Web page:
Leaked emails re­veal DUP chief ‘ready for no-deal Brexit’

 Crash­ing out ‘most likely out­come’ - Foster  Pes­simism fol­lows Barnier meet­ing

The Observer - - Front Page - Daniel Bof­fey, Toby Helm & Michael Sav­age

Theresa May has been told that the DUP leader, Ar­lene Foster, is “ready” to trig­ger a no-deal Brexit and now re­gards this as the “like­li­est out­come” fol­low­ing a “hos­tile and dif­fi­cult” ex­change with the EU’s chief ne­go­tia­tor, an ex­plo­sive set of emails leaked from the high­est lev­els of govern­ment re­veal.

Foster emerged from a meet­ing last week in Brus­sels with Michel Barnier, the French of­fi­cial lead­ing the EU’s ne­go­ti­at­ing team, con­vinced that the prospects for a Brexit deal were fad­ing so fast that, given Brus­sels’ stance on North­ern Ire­land, an agree­ment was the least likely out­come. Se­nior govern­ment ad­vis­ers were swiftly in­formed that the DUP leader was “ready” for the UK to crash out of the EU without a deal.

Ac­cord­ing to the pri­vate email ex­change, seen by the Ob­server, Foster told Ash­ley Fox, leader of the Con­ser­va­tive MEPs, over a din­ner that day about her dis­ap­point­ment at the meet­ing with Barnier, and its im­pact on her think­ing. “She de­scribed Barnier as be­ing dif­fi­cult and hos­tile in her meet­ing to­day…” the leaked email re­ports. “AF [Ar­lene Foster] said the DUP were ready for a no deal sce­nario, which she now be­lieved was the like­li­est one.”

Last week, the DUP, whose 10 MPs prop up May’s govern­ment, made it clear they would be pre­pared to vote down the bud­get later this month, if the govern­ment pressed ahead with a Brexit deal that tied North­ern Ire­land closer to the EU than the rest of the UK. Los­ing a bud­get vote would plunge the govern­ment into cri­sis, demon­strat­ing its in­abil­ity to drive through its do­mes­tic pro­gramme.

News of the emails comes amid new in­fight­ing in May’s cabi­net over Brexit. The prime min­is­ter will make a fi­nal ap­peal for min­is­te­rial unity over Brexit on Tues­day, at a cabi­net meet­ing, amid ru­mours that more se­nior

min­is­ters could soon fol­low Boris John­son and David Davis out of the govern­ment.

Sev­eral cabi­net min­is­ters, in­clud­ing leader of the Com­mons An­drea Lead­som and work and pen­sions sec­re­tary Es­ther McVey, are this week­end said to be “se­ri­ously con­sid­er­ing their po­si­tions” be­cause they be­lieve May’s cur­rent ne­go­ti­a­tions would leave open the pos­si­bil­ity of the UK re­main­ing in the EU cus­toms union for good.

The min­is­ters say that if this were to be the case, the UK would never fully leave the EU. One source said eight or nine cabi­net min­is­ters had se­ri­ous con­cerns.

The ten­sions have arisen be­cause the EU has made it clear it will refuse to sign an over­all with­drawal agree­ment – paving the way for a tran­si­tion deal and the open­ing of talks on a EU-UK trade deal – if the UK in­sists on spec­i­fy­ing a date by which cus­toms “back­stop” ar­range­ments de­signed to pre­vent a hard bor­der in North­ern Ire­land must end.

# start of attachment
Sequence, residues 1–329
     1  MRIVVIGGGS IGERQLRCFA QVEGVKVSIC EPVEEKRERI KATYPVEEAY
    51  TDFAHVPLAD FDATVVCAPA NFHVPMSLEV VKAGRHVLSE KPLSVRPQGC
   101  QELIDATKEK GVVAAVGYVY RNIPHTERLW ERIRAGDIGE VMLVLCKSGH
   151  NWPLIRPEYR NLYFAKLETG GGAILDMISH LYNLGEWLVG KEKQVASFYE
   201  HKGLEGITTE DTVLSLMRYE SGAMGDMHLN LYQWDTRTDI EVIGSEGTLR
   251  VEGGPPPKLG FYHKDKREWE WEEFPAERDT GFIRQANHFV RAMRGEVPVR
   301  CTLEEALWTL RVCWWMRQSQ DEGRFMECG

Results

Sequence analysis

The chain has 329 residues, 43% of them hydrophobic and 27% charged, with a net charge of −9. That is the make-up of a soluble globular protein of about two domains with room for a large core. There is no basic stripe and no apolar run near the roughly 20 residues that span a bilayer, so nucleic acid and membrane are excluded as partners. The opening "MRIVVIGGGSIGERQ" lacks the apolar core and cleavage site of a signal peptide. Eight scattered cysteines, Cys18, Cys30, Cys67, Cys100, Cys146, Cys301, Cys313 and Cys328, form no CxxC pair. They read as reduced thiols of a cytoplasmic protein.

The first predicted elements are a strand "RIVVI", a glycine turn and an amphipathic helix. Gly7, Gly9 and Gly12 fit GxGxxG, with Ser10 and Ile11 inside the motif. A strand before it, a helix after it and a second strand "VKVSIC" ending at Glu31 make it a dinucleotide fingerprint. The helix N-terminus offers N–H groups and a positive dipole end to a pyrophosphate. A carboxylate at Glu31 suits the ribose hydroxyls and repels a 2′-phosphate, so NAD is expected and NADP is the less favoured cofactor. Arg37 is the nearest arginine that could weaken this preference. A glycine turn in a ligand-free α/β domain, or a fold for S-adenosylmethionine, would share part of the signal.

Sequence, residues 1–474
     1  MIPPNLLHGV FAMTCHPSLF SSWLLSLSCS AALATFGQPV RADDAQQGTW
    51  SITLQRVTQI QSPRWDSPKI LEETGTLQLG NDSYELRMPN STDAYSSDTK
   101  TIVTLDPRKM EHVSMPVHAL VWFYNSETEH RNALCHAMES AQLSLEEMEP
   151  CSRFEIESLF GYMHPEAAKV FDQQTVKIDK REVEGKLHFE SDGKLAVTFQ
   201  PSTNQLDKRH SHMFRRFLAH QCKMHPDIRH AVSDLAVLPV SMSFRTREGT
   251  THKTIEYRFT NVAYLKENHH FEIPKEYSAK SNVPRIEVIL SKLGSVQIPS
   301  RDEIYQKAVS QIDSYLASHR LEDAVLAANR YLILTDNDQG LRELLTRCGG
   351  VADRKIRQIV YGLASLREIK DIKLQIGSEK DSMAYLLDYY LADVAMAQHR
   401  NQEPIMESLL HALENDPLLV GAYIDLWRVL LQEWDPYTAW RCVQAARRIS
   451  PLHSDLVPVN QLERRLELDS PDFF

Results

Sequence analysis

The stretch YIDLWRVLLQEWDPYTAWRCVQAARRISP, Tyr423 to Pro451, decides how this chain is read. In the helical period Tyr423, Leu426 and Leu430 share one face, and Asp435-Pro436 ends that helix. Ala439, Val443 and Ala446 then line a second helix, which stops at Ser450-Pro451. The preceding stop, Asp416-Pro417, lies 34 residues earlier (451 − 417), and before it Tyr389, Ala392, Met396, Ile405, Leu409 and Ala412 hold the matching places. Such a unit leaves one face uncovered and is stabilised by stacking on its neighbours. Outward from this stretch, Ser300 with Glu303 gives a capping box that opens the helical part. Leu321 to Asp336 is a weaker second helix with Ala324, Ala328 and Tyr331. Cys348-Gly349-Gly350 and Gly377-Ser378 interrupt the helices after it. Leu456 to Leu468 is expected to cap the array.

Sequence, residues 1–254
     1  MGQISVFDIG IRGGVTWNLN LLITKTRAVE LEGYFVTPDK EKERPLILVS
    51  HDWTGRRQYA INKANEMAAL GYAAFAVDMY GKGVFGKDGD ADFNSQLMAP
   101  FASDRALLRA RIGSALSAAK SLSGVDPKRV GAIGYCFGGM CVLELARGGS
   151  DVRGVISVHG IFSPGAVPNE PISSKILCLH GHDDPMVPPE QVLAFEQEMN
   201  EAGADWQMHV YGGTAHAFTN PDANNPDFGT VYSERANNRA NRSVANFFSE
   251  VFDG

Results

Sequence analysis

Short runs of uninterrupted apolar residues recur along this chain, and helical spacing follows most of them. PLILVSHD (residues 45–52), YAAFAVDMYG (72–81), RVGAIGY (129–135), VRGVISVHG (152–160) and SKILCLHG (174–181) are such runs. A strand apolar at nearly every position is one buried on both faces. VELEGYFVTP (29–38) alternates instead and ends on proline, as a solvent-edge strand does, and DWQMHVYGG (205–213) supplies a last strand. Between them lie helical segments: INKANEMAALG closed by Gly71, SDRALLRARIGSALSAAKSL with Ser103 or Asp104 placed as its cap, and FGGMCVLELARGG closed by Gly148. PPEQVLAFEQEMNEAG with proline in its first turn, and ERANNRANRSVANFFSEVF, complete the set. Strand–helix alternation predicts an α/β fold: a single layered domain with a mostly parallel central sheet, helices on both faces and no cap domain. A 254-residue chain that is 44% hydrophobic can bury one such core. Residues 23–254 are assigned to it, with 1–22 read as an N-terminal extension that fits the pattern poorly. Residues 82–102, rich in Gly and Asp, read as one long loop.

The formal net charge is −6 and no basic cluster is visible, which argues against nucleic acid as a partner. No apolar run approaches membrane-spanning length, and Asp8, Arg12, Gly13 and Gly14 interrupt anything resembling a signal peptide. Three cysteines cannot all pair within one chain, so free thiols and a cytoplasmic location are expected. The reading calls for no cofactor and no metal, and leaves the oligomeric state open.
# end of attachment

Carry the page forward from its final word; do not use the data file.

Euroscep­tic min­is­ters have in­sisted, how­ever, that a date must be spec­i­fied in any deal, to re­as­sure peo­ple that the UK is se­ri­ous about leav­ing EU struc­tures. The Ob­server un­der­stands that the prime min­is­ter will try to get agree­ment for a com­pro­mise po­si­tion un­der which the UK’s in­ten­tion to leave EU cus­toms ar­range­ments as soon as pos­si­ble will be spelled out through lan­guage, rather than by nam­ing a spe­cific date.

Govern­ment sources said ru­mours that Brexit sec­re­tary Do­minic Raab might quit were overblown. May will at­tempt to fi­nalise the terms of a with­drawal deal at a sum­mit in Brus­sels be­gin­ning on Wed­nes­day evening.

Mean­while the dif­fi­cul­ties the prime min­is­ter will have in push­ing any deal she may se­cure through par­lia­ment are high­lighted to­day by new anal­y­sis that sug­gests she will have to rely on the sup­port of more than a dozen Labour MPs to avoid her Brexit deal be­ing tor­pe­doed.

Ac­cord­ing to re­searchers who ex­am­ined sources in­clud­ing pub­lic state­ments, in­ter­views and vot­ing records of ev­ery MP in the House of Com­mons, May will need at least 14 Labour MPs to sup­port her Brexit plans if they are to be passed in a vote ex­pected to take place at the end of the year.

That rises to at least 24 should the DUP end its sup­port for the govern­ment. The union­ist party is threat­en­ing to aban­don May should she sign up to a Brexit with­drawal agree­ment that treats North­ern Ire­land dif­fer­ently from main­land Bri­tain.

The stark re­search by the Edel­man pub­lic af­fairs con­sul­tancy found that while May needs 320 votes to se­cure a ma­jor­ity, she can only rely on the sup­port of 277 of the 314 Tory MPs and two for­mer Tories who now sit as in­de­pen­dents.

It pre­dicts that 18 of the 37 hard­line Tory Brex­iters are “po­ten­tially per­suad­able”.

How­ever, even with them on side, along with the DUP and an­other in­de­pen­dent North­ern Ir­ish union­ist MP, May is still 14 votes short of a ma­jor­ity.

Pawel Swidlicki, the Brexit an­a­lyst who led the Edel­man re­search, said: “The good news for the PM is that she has a nar­row path to­wards a ma­jor­ity. The bad news is that this not only re­quires rec­on­cil­ing the DUP with the back­stop, but also win­ning over a raft of strongly pro-Brexit Tory MPs and a hand­ful of Labour rebels.”

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